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How Equitable is Health Care Utilization Among Older Adults in Canada?


Although many of the financial barriers to accessing health care in Canada have been dismantled, there may exist other, socioeconomic barriers that result in inequitable utilization of health services. If true, such barriers may disproportionally affect older adults since this group is likely to be economically more vulnerable compared with the general population and is relatively more susceptible to disease and disability. This paper investigates the association between socioeconomic status and health services utilization for a sample of older adults (ages 65 and over) drawn from the public-use microdata files of the Canadian Community Health Survey for 2011 and 2012. The study includes controls for the individual’s health needs and health behaviour so that correlations between socioeconomic status and health care use are reflective of equity (or not) in access to health care. Results from the analysis suggest that socioeconomic standing is significantly associated with the utilization of services that involve a private component such as vision and dental care. For publicly insured services such as FP/GP visits, results vary by gender and by the measure of socioeconomic standing used for the analysis. For these services, results suggest that while socioeconomic standing is not significantly associated with visits to FP/GPs or overnight stays in hospitals for males, females who have a higher socioeconomic standing, have more ‘contact’ with their physician compared with females with a lower relative socioeconomic standing.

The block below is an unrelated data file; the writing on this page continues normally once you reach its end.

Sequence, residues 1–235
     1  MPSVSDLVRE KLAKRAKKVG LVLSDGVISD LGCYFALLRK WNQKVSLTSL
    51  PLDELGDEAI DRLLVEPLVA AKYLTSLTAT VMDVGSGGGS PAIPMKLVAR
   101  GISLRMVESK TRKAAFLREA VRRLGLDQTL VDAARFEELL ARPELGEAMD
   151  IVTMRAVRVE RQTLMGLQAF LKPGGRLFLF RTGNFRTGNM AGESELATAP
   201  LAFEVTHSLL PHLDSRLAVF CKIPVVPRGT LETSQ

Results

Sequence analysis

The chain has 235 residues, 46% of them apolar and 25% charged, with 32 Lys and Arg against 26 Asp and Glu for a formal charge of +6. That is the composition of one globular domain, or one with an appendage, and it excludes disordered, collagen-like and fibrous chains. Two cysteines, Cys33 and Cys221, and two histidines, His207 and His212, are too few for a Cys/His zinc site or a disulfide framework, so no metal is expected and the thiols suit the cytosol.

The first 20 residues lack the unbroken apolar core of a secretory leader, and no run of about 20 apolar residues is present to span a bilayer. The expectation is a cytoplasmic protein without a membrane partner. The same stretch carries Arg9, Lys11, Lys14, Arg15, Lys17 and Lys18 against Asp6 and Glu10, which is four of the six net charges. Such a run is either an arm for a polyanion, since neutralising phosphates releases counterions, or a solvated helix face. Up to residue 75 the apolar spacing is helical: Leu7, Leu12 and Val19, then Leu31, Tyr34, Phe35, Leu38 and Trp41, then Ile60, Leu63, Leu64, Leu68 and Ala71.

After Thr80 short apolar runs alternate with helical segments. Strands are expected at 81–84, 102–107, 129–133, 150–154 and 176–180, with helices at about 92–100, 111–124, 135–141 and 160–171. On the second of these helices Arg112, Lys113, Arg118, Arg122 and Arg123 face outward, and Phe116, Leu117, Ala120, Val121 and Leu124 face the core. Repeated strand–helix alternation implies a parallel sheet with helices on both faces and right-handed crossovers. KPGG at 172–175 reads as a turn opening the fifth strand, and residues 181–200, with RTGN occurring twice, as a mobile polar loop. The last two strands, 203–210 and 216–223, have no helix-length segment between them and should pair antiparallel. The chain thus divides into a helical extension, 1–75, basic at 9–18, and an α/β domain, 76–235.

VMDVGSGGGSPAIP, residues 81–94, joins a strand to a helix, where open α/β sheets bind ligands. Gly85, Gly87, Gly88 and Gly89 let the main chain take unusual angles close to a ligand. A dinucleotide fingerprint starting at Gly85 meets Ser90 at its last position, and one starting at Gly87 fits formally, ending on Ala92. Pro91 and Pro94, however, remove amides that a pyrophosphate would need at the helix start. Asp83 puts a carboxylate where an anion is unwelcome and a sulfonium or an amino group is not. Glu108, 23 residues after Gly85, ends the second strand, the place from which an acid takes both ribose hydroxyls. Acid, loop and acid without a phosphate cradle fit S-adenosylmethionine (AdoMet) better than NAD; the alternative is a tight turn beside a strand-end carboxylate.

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Correspondence to Raaj Tiagi.

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Tiagi, R. How Equitable is Health Care Utilization Among Older Adults in Canada?. Population Ageing 9, 191–205 (2016).

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  • Older adults
  • Health care needs
  • Health utilization
  • Socioeconomic status
  • Health services utilization